“Every journalist who is not too stupid or too full of himself to notice what is going on knows that what he does is morally indefensible.” This sentence is among the most famous in American journalism. It first appeared as the lede in a two-part essay published by The New Yorker in 1989, and then again in 1990 when the essay was published as a short book called The Journalist and the Murderer. Its author was Janet Malcolm, who was on The New Yorker’s staff and wrote lengthy profiles of writers, photographers, psychoanalysts, and many more of whom her writing alone made figures of note. When she died in 2021 at the age of 86, she left behind eight books of nonfiction, four essay collections, and a treasure trove of awards and honors that her work had garnered. The level of attention, positive and negative, that came Malcolm’s way leaves no doubt that she was a significant figure on the American cultural scene.
Malcolm was a writer of intense likes and dislikes, and one of her most notorious prejudices was her dislike of what has come to be called “life writing.” She thought the entire enterprise—whether biographical or autobiographical—meretricious. To write about oneself, especially, struck her as embarrassingly wrongheaded. Yet in the last years of her life, when she was sick and dying, she did exactly that. Still Pictures: On Photography and Memory, Malcolm’s posthumous new book, is a collection of autobiographical essays (sketches, really) accompanied by photos (snapshots, really) that draws directly on Malcolm’s memories of childhood and youth. True, many of these pieces were published in The New Yorker or The New York Review of Books before being compiled as a “memoir,” but it’s hard not to wonder whether Malcolm herself, had she been alive, would have wanted to see them published as a book.
Born in Prague in 1934 into a family of Jewish professionals, Malcolm soon fled Nazi-occupied Czechoslovakia with her mother, father, and sister, arriving in the United States in 1939, when she was 5. Her father was a doctor and the family culturally self-assured, so while they arrived without money and had to settle in a low-rent neighborhood on New York’s Upper East Side, the parents successfully navigated the assimilationist climb for themselves and their girls. Janet attended The High School of Music and Art and then the University of Michigan. Within a decade after graduation, having already exhibited a taste for journalistic work, she had landed at The New Yorker, where she remained for the rest of her professional life, honing the literary nonfiction for which she became famous.
Malcolm wrote on everything for the magazine—Freud’s Vienna, the New York art world in the ’80s, Rachel Maddow in the era of Trump—but the essay that eventually became The Journalist and the Murderer has always been one of the best examples of the way she worked, the effects she achieved, and the influence she exerted. The book tells the complicated story of a sensational trial held in 1984, in which Jeffrey MacDonald, an Army doctor convicted of murdering his wife and children, sued the journalist Joe McGinniss for breach of contract and fraud. MacDonald had hired McGinniss to write a book that would persuade its readers of his innocence, and McGinniss had given MacDonald and his defense team every reason to believe that this was exactly what he intended to do. Then he turned the tables on them and wrote a book (Fatal Vision) that, if anything, persuaded its readers that the good doctor had indeed murdered his family; by the time the book was published, MacDonald had long been found guilty in a court of law and sent to jail. It was from his prison cell that he did this very unusual thing: He sued McGinniss. The case dragged on for three years until it went to trial and was settled out of court in 1987.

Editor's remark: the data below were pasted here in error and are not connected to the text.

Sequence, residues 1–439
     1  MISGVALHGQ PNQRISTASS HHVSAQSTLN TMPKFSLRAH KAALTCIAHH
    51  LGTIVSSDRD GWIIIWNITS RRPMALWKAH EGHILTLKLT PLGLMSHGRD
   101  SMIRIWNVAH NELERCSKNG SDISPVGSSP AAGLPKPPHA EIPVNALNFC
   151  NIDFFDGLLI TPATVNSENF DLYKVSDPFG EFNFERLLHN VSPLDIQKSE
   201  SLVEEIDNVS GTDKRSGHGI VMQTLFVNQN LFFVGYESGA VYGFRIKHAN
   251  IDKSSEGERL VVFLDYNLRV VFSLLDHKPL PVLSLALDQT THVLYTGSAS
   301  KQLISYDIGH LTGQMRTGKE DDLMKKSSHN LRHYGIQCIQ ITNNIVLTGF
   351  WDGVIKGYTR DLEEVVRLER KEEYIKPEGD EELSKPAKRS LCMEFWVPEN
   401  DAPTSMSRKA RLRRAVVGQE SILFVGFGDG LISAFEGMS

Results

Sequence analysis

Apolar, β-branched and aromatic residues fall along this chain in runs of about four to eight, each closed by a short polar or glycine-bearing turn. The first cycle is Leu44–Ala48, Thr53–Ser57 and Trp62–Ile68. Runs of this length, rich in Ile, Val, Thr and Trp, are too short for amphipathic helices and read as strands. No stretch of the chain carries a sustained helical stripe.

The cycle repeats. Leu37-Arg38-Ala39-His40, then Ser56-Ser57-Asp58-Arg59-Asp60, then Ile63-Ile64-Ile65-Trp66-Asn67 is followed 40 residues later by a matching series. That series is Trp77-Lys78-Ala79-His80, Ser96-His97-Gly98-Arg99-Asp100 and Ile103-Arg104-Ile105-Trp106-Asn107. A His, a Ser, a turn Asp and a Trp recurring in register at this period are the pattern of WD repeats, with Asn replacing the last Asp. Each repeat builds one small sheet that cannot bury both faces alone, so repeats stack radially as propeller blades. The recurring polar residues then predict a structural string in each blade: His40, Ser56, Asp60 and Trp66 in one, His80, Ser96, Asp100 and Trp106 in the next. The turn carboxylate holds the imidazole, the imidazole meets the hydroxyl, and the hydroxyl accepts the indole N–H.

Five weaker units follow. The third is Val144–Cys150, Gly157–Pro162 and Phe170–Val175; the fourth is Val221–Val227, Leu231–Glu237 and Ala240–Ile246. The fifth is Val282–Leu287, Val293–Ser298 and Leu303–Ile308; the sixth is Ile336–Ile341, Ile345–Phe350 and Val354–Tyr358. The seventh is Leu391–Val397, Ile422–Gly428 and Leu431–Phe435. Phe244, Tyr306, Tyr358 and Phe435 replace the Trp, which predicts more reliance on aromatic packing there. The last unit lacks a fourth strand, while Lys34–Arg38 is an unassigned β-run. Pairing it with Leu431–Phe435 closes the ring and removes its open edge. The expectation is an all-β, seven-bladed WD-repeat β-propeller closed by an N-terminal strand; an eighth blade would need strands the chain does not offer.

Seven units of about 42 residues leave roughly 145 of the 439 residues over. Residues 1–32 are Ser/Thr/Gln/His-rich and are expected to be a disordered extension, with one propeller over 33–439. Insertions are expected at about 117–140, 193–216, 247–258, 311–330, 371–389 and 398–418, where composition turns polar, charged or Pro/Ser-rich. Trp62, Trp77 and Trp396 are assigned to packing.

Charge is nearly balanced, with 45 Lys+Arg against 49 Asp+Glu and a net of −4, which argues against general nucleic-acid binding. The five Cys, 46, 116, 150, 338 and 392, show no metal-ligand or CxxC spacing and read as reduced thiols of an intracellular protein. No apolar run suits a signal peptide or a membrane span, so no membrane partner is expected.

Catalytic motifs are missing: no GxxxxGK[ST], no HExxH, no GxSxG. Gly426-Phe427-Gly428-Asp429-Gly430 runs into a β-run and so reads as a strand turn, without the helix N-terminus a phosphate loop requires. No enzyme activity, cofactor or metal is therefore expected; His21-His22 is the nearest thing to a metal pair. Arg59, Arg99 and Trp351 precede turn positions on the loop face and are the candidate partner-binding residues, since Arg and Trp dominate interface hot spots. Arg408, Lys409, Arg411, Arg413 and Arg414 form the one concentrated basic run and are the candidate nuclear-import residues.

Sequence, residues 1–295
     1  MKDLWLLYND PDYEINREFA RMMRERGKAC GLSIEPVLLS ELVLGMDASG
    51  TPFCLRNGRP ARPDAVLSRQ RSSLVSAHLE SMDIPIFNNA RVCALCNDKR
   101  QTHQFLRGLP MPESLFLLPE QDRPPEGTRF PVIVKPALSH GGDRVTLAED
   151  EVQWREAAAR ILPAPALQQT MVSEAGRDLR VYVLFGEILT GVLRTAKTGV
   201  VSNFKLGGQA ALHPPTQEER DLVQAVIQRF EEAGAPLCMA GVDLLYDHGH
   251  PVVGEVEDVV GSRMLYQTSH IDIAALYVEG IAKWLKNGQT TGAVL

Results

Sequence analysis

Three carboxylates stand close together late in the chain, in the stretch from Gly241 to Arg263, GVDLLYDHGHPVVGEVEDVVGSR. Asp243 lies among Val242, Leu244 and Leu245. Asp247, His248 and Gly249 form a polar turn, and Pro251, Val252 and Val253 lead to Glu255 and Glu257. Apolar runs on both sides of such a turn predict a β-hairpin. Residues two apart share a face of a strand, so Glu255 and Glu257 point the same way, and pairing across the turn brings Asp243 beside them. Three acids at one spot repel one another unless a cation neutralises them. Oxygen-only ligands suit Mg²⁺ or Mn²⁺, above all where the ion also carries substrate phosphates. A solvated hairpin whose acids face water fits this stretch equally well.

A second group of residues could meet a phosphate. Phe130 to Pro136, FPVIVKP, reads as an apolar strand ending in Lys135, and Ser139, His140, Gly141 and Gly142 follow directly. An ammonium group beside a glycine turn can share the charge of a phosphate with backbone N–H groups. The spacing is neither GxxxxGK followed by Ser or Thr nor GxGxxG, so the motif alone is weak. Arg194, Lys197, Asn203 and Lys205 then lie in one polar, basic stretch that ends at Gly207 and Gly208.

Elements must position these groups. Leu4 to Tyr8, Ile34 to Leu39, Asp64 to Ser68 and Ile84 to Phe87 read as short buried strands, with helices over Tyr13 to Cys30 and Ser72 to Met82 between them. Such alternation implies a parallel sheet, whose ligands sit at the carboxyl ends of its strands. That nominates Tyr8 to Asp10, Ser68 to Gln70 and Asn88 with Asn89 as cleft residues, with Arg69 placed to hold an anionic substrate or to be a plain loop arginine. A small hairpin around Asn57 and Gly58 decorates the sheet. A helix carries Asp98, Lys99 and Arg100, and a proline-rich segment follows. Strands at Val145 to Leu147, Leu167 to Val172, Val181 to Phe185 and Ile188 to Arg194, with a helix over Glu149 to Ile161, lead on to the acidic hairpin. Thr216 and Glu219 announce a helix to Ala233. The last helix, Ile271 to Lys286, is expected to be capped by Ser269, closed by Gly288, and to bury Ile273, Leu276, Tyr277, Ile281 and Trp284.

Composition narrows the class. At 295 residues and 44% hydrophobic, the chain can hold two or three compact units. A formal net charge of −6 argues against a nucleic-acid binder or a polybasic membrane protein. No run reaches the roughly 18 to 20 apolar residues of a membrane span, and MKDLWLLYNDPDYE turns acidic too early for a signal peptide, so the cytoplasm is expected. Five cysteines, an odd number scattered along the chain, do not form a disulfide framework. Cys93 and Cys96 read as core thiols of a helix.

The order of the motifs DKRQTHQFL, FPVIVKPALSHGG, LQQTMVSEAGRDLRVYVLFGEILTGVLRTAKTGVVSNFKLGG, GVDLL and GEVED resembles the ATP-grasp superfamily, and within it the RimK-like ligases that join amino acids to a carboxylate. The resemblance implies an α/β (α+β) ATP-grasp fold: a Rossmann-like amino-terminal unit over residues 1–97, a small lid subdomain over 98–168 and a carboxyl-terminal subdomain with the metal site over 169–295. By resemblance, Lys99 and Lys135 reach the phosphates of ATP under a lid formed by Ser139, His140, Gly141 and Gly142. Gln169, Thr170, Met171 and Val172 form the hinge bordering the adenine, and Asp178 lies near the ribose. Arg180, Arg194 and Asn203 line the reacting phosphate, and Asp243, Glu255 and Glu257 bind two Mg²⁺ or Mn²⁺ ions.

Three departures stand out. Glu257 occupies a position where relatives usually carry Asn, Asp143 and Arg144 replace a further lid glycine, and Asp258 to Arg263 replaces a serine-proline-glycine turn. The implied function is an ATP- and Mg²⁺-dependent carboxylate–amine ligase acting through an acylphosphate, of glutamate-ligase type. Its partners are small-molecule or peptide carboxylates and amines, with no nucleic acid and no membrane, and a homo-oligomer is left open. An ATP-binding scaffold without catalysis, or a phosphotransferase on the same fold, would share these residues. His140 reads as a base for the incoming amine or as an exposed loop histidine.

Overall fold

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Malcolm did not attend the trial, but when it attracted her attention a year or so later, she found herself drawn by the moral dilemma the situation seemed to represent. Because the journalist’s allegiance is inevitably to the story while the subject’s, also inevitably, is to his or her own version of the truth, each one’s motivation, Malcolm reasoned, is dangerously self-serving. It soon appeared to her that whenever a journalist and a subject got together, a deal was being made with the devil. Therefore, she concluded, the relationship between any journalist and any subject is inherently corrupt. The case was so unusual that, at first, Malcolm—who always needed some moral clarity to consult while exploring the unethical in a situation—didn’t know how to orient herself. But once she had this thesis, she was home free.
The Journalist and the Murderer gave Malcolm a chance to practice her art full out, thereby providing her readers with a chance to experience the originality of the narrating persona she’d developed to tell this as well as any other of her stories. To begin with, it possessed a formidably concentrated intellect bent on organizing what was usually a vast amount of material—in the MacDonald-McGinniss case, thousands of pages of trial transcripts—containing a wealth of information that was then absorbed and interpreted as very few journalists could… or would. In the pages of the trial transcripts, Malcolm’s penetrating eye uncovered undreamt-of connections among the various players, because it picked up on the merest hints of hidden involvement.